Meet the newest addition to the History Faculty - Joel Blecher
I grew up in Oberlin, Ohio, and I was educated at Swarthmore College and Princeton University, where I received my doctorate.
My scholarship combines methods from social and intellectual history, and is grounded in research undertaken in Arabic and Urdu in Syria, Yemen, Saudi Arabia, Turkey, and India. Articles I authored have appeared or are forthcoming in several edited volumes, Oriens, Encyclopeadia of Islam THREE, and Oxford Bibliographies in Islamic Studies.
My current book project, In the Shade of the Hadith: Islam and the Politics of Interpretation across a Millennium, is the first book-length effort devoted to understanding the social and intellectual life of hadith commentary. Organized chronologically in three parts, the book shines a light on the practice of hadith commentary within and across three key historical periods and locales in which commentary on the most prestigious collection of hadith flourished: classical Andalusia, medieval Egypt, and modern India. The book finds that the meanings of hadith were shaped as much by commentators’ political, cultural and regional contexts as by the fine-grained intellectual debates that developed over long periods of time.
At George Washington University, I look forward to developing my second book project, Profit and Prophecy: Islam and the Spice Trade from Venice to India. This book will offer an interdisciplinary audience a portrait of how Muslim scholars and merchants in the Mamluk period (13th-15th centuries) mixed religion and business along trade and pilgrimage routes that stretched from the Mediterranean Sea to the Arabian Sea and beyond. Along the same spice trade routes that historians have long argued catalyzed early modern capitalism in Europe, this book will further illuminate what E.P. Thompson would have called the complex “moral economy” of medieval Islam.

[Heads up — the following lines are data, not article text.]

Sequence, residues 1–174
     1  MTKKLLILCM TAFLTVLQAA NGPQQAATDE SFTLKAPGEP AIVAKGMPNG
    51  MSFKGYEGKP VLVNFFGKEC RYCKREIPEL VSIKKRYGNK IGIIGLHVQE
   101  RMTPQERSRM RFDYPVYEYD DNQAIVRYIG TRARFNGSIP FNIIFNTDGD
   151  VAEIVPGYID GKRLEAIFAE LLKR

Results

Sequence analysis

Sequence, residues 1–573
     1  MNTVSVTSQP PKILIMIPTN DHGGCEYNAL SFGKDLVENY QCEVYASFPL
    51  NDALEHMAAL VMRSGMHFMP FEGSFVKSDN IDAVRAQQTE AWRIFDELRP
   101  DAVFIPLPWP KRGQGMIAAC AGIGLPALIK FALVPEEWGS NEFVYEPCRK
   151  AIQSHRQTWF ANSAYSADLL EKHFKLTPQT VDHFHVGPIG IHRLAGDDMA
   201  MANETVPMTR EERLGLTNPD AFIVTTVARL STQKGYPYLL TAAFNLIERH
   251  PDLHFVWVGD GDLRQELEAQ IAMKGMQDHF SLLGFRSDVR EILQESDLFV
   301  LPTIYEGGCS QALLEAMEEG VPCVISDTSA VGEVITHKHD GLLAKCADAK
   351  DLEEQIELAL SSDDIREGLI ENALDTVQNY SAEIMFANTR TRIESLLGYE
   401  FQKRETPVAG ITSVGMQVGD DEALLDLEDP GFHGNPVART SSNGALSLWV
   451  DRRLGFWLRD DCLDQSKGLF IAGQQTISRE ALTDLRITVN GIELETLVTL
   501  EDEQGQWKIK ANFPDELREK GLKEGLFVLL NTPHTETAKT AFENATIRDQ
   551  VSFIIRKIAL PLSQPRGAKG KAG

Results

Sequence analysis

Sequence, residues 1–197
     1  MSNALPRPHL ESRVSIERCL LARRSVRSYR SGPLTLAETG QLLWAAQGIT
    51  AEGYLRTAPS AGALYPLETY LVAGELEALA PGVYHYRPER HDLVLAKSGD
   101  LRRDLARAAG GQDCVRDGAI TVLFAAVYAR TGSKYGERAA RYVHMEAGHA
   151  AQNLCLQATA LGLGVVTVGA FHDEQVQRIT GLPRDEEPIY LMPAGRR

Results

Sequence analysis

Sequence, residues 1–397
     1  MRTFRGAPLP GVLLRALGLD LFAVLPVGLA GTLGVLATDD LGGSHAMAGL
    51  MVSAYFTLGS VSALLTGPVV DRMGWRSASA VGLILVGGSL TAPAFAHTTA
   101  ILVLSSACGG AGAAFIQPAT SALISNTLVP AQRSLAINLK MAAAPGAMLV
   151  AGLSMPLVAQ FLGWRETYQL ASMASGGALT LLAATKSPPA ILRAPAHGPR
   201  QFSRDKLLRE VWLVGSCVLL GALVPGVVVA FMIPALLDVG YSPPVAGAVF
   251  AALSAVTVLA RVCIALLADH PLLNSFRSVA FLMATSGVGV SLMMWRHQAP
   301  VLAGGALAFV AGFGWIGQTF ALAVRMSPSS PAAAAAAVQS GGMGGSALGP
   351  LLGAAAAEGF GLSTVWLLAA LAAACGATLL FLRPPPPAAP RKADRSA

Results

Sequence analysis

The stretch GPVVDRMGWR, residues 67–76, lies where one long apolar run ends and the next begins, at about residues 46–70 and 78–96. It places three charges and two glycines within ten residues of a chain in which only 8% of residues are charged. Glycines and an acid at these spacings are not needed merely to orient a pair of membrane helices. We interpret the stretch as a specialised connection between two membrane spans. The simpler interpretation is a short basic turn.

My deep roots in liberal arts education have animated these efforts to place rigorous textual scholarship at the service of broad questions. Students in my courses learn to carefully and closely analyze primary sources at the intersection of social and intellectual history. They likewise learn to relate what they are studying to larger themes in the study of history, religion, law, ethics, politics, and economics.
I also incorporate technology into my pedagogy. My recent book chapter, “Pedagogy and the Digital Humanities: Undergraduate Exploration into the Transmitters of Early Islamic Law,” in The Digital Humanities and Islamic and Middle East Studies (DeGruyter 2016) documents how students in one of my classes combined the traditional tools of historical inquiry with computational tools to explore, picture and develop new insights into the history of the transmission of early Islamic law.
In 2013, I was appointed Assistant Professor at Washington & Lee University, where I jointly served the departments of Religion and History in courses on Islam and Islamic history. At W&L, I also served as a core member of the Program in Medieval and Renaissance Studies, and the principle investigator for the Middle East & South Asia Studies Teacher-Scholar Cohort.